Physical Performance and Cardiopulmonary Function After 12 Weeks Uchikomi Training with Hand and Leg Weight load Program in Thai Judo Athletes
Judo is a popular martial arts style and Olympic sport with a rich, though relatively recent history. Beyond being a popular martial art, judo is also a combat sport. The aim of this study was to investigate the effect of 12 weeks Uchikomi training with hand and leg weight load program (UTP) on physical performance and cardiopulmonary function in Thai Judo athletes. In Uchikomi training group (UTG; n= 18), subjects are trained by using normal Judo training program (NJTP) 2 days / week including with the UTP 50 minutes / session (10 minutes warm up, 30 minutes UTP for 60-80% of HRmax, 10 minutes cool down) 3 days / week in consecutive 12 weeks. Subjects in control group (CG; n = 17) were practiced only NJTP. Results of baseline characteristics showed no significantly difference in CG. While, in UTG were shown decrease significantly difference in percentage of total body fat, waist circumference (WC), hip circumference (HC), and heart rate (HR). The results of physical performance and data of cardiopulmonary function test showed improve highly significant difference (p<0.001) within UTG, but not within CG when they were compared at week 1, week 7 and week 14. This study shows that UTP is a new Judo training exercise model to be suitable for improvement physical performance and cardiopulmonary function in Thai Judo athletes.
2. Detanico D, Dal Pupo J, Franchini E, dos Santos SG. Relationship of aerobic and neuromuscular indexes with specific actions in judo. Science & Sports 2012; 27: 16-22.
3. Almansba R, Sterkowicz S, Sterkowicz-Przybycień K, Comtois A. Reliability of the Uchikomi Fitness Test: A Pilot study. Reliability of the Uchikomi Fitness Test. Science & Sports 2012; 27: 115-118.
4. Almansba R, Parent AA, Boucher JP et al. Oxygen Uptake and Cardiopulmonary Demands of World Class Judoist performing the Uchi-Komi Fitness Test. In: 59th Annual Meeting of the American College Sports Medicine 2012; 782.
5. Pulsak S. A study of the center of gravity in Judo throwing. Bangkok: Thai Thesis Database; 1994.
6. Marx JO, Ratamess NA, Nindl BC, Gotshalk LA, Volek JS, Dohi K, et al. Low-volume circuit versus high-volume periodized resistance training in women. Medicine and Science in Sports and Exercise 2001; 33: 635-643.
7. Chumvangvapee P, Suttitum T, Pasurivong O, Piwngern T. A new exercise model: Brisk walking with swaying hips and hand weight load exercise program and its effect on anthropometry, physical performance and cardiopulmonary function in obese Thai adults.KKU Research Journal2016; 16: 63-74.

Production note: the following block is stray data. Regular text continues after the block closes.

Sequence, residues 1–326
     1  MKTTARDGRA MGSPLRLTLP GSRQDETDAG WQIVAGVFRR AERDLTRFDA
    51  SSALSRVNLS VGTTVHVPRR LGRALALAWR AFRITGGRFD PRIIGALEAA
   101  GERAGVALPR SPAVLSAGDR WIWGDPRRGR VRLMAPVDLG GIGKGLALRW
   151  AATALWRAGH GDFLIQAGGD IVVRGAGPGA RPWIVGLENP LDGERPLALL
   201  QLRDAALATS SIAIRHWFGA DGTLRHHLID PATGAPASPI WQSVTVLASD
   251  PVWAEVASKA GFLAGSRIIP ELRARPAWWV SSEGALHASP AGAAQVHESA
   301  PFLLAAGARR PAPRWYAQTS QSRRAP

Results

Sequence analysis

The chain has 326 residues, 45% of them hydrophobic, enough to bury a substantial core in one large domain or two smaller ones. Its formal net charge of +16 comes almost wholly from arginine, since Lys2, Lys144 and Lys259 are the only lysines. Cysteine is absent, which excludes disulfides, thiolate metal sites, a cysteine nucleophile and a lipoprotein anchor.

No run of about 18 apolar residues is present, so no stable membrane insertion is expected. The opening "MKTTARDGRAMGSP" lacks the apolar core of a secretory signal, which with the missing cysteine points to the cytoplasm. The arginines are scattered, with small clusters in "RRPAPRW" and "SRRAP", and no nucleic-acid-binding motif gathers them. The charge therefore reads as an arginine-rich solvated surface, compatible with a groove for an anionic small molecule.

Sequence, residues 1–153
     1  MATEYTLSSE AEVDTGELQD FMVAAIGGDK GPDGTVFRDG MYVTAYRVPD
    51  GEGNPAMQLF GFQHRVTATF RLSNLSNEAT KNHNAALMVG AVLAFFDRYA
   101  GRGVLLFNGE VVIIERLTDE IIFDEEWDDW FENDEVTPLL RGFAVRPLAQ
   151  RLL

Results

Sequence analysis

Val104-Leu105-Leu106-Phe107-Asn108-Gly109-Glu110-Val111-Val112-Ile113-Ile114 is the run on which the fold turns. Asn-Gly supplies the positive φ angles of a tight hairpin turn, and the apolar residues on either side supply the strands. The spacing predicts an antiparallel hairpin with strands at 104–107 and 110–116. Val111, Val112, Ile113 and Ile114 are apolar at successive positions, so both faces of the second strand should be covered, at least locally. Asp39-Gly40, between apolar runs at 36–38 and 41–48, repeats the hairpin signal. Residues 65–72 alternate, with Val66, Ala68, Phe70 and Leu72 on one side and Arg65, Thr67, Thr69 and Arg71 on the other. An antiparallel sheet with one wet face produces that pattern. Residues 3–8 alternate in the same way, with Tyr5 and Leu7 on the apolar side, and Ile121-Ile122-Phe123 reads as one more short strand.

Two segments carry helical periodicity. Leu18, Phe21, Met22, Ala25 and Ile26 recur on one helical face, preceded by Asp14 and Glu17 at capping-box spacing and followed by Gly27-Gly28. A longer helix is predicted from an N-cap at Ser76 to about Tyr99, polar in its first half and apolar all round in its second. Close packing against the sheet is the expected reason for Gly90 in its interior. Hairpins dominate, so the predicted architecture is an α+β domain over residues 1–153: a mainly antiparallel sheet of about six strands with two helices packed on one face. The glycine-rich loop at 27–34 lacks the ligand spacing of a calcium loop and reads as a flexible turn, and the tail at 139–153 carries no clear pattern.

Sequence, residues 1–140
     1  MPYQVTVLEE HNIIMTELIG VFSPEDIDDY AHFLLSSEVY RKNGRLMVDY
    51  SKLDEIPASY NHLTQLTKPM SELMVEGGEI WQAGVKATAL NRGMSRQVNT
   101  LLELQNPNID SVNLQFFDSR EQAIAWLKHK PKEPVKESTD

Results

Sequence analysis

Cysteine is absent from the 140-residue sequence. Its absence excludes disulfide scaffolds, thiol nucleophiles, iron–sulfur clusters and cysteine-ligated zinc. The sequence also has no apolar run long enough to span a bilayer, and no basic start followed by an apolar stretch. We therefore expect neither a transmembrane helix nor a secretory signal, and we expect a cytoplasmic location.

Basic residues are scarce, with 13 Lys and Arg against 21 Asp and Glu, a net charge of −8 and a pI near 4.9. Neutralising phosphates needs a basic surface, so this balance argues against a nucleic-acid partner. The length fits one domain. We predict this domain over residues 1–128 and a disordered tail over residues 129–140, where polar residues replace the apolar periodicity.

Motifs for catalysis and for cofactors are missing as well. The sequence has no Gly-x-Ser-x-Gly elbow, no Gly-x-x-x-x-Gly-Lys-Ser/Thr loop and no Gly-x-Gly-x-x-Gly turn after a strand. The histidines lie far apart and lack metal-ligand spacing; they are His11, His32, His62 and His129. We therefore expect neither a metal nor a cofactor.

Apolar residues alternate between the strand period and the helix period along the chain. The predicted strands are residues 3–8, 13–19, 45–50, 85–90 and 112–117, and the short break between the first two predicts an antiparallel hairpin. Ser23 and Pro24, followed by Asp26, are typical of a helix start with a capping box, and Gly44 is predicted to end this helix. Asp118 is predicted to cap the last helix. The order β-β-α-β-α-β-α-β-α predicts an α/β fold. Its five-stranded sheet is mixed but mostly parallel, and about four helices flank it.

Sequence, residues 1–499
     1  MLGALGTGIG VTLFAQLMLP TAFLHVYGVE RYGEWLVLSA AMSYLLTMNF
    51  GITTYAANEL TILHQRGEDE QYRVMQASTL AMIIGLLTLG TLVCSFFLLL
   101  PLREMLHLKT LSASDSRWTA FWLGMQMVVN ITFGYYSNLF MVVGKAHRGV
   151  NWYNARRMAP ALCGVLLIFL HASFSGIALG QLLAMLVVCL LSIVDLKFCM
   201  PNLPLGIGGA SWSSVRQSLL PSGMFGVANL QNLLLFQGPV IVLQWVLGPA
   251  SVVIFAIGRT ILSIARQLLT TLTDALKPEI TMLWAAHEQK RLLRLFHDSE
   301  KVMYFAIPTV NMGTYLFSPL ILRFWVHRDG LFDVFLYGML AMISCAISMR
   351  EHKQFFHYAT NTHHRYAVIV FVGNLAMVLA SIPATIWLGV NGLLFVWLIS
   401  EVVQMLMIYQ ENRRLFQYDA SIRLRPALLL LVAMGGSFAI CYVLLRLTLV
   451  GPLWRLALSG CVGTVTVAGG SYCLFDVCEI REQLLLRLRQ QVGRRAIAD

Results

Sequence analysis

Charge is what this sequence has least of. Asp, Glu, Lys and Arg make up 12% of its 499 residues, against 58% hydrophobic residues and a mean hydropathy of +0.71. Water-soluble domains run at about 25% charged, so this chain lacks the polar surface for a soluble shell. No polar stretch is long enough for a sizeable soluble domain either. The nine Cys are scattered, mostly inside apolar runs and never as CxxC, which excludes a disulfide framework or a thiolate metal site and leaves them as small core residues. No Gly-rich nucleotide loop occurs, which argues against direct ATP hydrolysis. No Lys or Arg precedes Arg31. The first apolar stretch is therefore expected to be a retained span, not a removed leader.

8. Forjaz C, Matsudaira Y, Rodrigues F, Nunes N, Negrão C. Post-exercise changes in blood pressure, heart rate and rate pressure product at different exercise intensities in normotensive humans. Brazilian Journal of Medical and Biological Research 1998; 31: 1247-1255.
9. Heyward VH, Gibson A. Advanced fitness assessment and exercise prescription 7thed: Human Kinetics; 2014.
10. Pathare N, Haskvitz EM, Selleck M. Comparison of measures of physical performance among young children who are healthy weight, overweight, or obese. Pediatric Physical Therapy 2013; 25: 291-296.
11. Roberts HC, Denison HJ, Martin HJ, Patel HP, Syddall H, Cooper C, et al. A review of the measurement of grip strength in clinical and epidemiological studies: towards a standardised approach. Age and Ageing 2011; 40: 423-429.
12. Judoinfo. Gripping [internet]. 2017 [cite 2017 June 9]. Available from: http: //judoinfo.com /gripping/
13. ACSM. American College of Sports Medicine Position Stand. The recommended quantity and quality of exercise for developing and maintaining cardiorespiratory and muscular fitness, and flexibility in healthy adults. Medicine and Science in Sports and Exercise 1998; 30: 975-991.
14. Jackson A, Langford NJ. The criterion-related validity of the sit and reach test: replication and extension of previous findings. Research Quarterly for Exercise and Sport 1989; 60: 384-387.
15. Brooks GA. Anaerobic threshold: review of the concept and directions for future research. Medicin and Science in Sports and Exercise 1985; 17: 22-34.
16. Santos E, Rhea MR, Simão R, Dias I, de Salles BF, Novaes J, et al. Influence of moderately intense strength training on flexibility in sedentary young women. The Journal of Strength & Conditioning Research 2010; 24: 3144-3149.
17. Borman NP, Trudelle-Jackson E, Smith SS. Effect of stretch positions on hamstring muscle length, lumbar flexion range of motion, and lumbar curvature in healthy adults. Physiotherapy Theory and Practice 2011; 27: 146-154.
18. Saraiva AR, Reis VM, Costa PB, Bentes CM, Costa e Silva GV, Novaes JS. Chronic effects of different resistance training exercise orders on flexibility in elite judo athletes. Journal of Human Kinetics 2014; 40: 129-137.
19. Aquino ES, Mourão FA, Souza RK, Glicério BM, Coelho CC. Comparative analysis of the six-minute walk test in healthy children and adolescents. Brazilian Journal of Physical Therapy 2010; 14: 75-80.
20. Piwngern T, Suttitum T, Khrisanapant W, Pasurivong O, Chumvangvapee P. The effect of Applied Sakon Nakhon Traditional Thai Boxing Dance on Physical Performance and Cardio-pulmonary Capacity in Thai Elderly Females.Srinagarind Medical Journal 2016; 31: 312-319.
21. Geiger R, Willeit J, Rummel M, Hogler W, Stubing K, Strasak A, et al. Six-minute walk distance in overweight children and adolescents: effects of a weight-reducing program. Journal of Pediatrics 2011; 158(3): 447-451.
22. Ulrich S, Hildenbrand FF, Treder U, Fischler M, Keusch S, Speich R, Fasnacht M. Reference values for the 6-minute walk test in healthy children and adolescents in Switzerland. BMC Pulmonary Medicine 2013;13-49.